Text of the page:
Death nr. 37, by Ahlam Shibli (Photo taken from the blog Lunettes Rouges)
The Ministry asked the museum to complete the information made available to the visitors in order to, on the one hand, clarify and better explain the purpose of the artist and, on the other, to distinguish the artist´s proposal from that of the institution. The Minister was under attack from all sides. Personally, I don´t see why a museum should set itself apart from its choices in the way the French Ministry seems to be suggesting. What should be really clear is why it chooses to present its audience with exhibition A or B, how it fits in its mission and programme, what it aims to communicate, what kind of thinking and discussion it aims to promote.

I can´t say it´s clear for me what Jeu de Paume really aimed to do through this exhibition or why it has chosen to present an artist who ´just wants to show´. I checked again and again on the museum website, looking for a parallel programme that would complement the exhibition with talks and debates. Nothing. Finally, a debate was announced, organized by the Museum and L´Observatoire de la Liberté de Création, “in reaction to the controversy caused by the exhibition”, that would discuss issues such as the freedom of artistic representation, the responsibility of the institution that exhibits works that cause a controversy, the freedom of the visitor to have access to the works and the the freedom of expression in all its components (read here).

This is all great. This is exactly what should have been planned beforehand and not as a reaction to a controversy. And it should have gone even further than a general discussion of freedom to create, freedom to exhibit, freedom to visit. This exhibition raises other important and very specific issues.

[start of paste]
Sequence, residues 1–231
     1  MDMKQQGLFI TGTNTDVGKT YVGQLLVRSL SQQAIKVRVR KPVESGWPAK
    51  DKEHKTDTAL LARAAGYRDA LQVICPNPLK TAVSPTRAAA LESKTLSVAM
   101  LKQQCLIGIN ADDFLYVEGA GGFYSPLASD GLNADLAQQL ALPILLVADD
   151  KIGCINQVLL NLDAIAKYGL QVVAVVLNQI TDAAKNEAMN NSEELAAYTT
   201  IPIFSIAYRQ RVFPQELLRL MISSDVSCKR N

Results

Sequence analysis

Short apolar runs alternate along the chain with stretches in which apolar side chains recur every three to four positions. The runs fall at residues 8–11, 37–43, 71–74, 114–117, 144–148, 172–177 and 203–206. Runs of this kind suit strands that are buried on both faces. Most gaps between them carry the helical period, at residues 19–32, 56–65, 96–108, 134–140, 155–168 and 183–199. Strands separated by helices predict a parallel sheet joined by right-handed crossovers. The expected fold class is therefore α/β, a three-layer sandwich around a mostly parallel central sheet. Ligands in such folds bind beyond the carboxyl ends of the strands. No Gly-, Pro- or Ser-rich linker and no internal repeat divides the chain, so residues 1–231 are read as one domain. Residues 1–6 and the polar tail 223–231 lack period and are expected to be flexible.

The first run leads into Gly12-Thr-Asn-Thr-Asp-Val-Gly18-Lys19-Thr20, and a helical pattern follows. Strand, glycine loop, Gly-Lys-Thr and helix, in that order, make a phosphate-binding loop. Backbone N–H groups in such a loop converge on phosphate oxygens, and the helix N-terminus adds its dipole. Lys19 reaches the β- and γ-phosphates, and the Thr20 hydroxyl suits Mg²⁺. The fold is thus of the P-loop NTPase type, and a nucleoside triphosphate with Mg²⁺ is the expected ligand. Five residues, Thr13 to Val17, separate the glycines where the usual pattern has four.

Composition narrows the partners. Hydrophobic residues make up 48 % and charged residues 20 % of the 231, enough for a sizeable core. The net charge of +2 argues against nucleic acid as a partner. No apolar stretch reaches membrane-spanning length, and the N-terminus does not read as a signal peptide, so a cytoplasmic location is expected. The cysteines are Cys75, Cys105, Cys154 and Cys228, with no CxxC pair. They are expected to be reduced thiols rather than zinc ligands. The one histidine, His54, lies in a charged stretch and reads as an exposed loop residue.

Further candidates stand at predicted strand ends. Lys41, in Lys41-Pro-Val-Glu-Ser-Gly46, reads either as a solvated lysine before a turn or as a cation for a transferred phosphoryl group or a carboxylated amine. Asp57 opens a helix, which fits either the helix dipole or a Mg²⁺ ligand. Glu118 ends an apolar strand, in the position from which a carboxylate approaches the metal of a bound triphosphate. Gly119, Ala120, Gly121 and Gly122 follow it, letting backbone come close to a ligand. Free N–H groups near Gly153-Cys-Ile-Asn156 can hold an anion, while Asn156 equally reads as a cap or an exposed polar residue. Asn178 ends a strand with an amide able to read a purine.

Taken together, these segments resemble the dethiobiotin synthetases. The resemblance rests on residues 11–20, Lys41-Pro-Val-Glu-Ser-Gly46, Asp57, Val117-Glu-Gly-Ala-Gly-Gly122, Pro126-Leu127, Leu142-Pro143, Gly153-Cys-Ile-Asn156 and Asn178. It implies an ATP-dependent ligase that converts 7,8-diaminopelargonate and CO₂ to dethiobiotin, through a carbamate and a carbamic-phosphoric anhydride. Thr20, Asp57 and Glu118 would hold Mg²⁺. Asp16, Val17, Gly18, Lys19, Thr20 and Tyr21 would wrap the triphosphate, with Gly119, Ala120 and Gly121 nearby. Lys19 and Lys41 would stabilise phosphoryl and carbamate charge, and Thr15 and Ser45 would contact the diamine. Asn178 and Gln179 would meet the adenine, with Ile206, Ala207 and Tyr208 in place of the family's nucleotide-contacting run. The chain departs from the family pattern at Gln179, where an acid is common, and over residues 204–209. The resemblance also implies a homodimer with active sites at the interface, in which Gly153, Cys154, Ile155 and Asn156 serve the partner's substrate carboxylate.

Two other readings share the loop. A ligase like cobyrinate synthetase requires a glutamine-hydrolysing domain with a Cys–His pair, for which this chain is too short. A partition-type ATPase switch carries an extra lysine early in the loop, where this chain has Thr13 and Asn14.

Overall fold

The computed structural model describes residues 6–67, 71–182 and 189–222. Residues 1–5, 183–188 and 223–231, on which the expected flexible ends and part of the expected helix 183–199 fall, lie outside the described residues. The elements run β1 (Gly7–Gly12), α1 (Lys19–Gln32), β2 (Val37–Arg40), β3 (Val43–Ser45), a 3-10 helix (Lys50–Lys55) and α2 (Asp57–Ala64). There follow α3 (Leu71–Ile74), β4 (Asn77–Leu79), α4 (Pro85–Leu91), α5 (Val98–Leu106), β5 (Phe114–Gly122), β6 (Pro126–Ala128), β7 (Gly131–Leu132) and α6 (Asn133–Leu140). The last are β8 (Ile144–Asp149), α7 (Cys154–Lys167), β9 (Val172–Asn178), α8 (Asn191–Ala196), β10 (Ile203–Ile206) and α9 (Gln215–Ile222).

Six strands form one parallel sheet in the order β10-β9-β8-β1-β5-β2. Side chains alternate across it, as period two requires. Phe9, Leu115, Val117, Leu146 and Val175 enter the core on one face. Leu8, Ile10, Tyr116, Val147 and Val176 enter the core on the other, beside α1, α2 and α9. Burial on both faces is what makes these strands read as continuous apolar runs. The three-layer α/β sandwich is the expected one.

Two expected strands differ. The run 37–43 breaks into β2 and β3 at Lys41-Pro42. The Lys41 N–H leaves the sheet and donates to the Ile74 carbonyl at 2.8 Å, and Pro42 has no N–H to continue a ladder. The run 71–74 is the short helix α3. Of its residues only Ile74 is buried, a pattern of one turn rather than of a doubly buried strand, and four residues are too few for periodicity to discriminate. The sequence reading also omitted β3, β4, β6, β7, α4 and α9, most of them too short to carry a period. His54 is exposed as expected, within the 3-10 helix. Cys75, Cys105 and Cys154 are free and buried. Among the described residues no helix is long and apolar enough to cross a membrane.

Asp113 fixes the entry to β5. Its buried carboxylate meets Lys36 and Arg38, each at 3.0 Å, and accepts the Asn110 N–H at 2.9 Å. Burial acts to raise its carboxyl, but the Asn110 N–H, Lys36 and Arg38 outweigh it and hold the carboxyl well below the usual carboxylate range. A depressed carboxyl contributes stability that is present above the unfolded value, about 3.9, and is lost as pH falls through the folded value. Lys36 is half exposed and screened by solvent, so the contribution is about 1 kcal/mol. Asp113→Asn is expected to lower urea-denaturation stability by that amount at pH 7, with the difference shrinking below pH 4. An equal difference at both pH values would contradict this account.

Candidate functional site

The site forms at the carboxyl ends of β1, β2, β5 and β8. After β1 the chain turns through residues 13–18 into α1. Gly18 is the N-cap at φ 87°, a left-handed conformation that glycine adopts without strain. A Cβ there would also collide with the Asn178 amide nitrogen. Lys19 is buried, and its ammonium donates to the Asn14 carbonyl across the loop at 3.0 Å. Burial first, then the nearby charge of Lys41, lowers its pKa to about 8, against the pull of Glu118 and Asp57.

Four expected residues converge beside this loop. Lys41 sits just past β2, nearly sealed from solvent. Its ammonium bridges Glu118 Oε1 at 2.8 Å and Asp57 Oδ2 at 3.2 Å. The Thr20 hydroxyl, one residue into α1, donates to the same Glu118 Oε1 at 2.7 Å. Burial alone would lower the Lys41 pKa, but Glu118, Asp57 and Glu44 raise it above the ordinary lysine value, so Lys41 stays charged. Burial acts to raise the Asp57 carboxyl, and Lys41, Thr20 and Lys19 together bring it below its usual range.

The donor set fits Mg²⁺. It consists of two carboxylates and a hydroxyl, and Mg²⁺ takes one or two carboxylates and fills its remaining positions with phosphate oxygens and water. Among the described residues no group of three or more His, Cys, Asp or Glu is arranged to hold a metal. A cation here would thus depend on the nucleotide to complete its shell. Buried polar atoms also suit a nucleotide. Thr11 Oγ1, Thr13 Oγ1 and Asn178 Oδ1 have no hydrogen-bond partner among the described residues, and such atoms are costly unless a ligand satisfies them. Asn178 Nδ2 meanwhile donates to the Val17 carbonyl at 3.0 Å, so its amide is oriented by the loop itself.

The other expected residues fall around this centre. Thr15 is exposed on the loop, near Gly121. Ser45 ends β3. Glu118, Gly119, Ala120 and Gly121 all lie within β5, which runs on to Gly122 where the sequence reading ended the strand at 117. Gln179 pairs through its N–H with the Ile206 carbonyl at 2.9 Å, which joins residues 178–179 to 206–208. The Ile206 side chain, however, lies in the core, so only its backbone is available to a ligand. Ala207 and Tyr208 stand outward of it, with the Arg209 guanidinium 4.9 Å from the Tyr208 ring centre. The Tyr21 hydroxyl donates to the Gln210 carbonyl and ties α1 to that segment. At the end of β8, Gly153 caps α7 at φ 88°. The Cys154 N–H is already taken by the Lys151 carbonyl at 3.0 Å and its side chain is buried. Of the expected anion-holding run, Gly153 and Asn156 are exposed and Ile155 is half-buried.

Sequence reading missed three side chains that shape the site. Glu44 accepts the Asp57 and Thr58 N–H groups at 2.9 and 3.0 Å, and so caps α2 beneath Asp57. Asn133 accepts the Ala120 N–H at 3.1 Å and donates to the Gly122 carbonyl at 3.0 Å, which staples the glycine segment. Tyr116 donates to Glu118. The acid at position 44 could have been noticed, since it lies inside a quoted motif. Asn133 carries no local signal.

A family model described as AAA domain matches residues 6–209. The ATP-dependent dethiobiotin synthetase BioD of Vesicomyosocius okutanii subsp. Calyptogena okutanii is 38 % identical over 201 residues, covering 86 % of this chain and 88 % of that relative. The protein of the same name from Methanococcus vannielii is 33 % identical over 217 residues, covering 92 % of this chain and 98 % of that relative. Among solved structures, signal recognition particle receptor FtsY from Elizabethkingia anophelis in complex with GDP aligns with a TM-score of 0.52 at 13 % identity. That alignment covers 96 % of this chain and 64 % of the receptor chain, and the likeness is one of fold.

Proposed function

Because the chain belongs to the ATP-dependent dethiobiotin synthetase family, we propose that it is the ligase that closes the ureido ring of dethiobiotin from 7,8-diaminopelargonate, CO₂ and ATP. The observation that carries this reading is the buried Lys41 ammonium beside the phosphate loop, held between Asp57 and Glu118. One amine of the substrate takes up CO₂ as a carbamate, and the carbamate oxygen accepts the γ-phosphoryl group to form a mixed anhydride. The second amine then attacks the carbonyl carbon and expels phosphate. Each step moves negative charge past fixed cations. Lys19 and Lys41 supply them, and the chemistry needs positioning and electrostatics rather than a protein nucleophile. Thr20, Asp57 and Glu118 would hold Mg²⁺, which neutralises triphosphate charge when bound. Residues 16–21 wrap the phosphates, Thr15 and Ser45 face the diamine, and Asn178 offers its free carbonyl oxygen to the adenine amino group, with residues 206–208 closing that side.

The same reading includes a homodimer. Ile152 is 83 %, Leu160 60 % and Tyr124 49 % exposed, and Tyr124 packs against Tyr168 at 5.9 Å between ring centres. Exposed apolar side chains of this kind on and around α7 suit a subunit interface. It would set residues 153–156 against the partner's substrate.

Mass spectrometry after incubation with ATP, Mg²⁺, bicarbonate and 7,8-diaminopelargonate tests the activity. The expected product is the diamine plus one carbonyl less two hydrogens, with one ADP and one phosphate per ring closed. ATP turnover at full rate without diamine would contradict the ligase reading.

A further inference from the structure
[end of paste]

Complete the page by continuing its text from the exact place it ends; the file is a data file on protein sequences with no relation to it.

I would expect Jeu de Paume not to pretend that it had not expected a huge controversy when Palestinian suicide bombers are referred as martyrs. I would expect the artist to wish not “just to show”, as if she was ‘just’ a reporter, as if she didn´t take and exhibit these photos with the purpose to make a statement. I would expect both the museum and the artist to truly wish to provoke a debate, to push the boundaries, to create the space to discucss what is history, identity, conflict, justice, resistance, a terorist act or a terrorist state. This is about the palestinian issue and there´s nothing ‘just’ about it.

More on this blog

The stories we tell ourselves

Silent and apolitical?

The long distance between California and Jerusalem

More readings

Marie-José Mondzain, Artiste palestinienne : liberté pour l'art au Jeu de Paume (Le Monde, 21.6.2013)

Chez soi : la photographe palestinienne Ahlam Shibli au Jeu de Paume (on the blog Lunettes Rouges, 7.6.2013)

G.W. Goldnadel, France/Jeu de Paume: double honte (Israël Flash, 21.6.2013)

Marta Gili: Je refuserai toujours la censure au Jeu de Paume. Interview of the Director of Jeu de Paume (Le Figaro, 24.6.2013)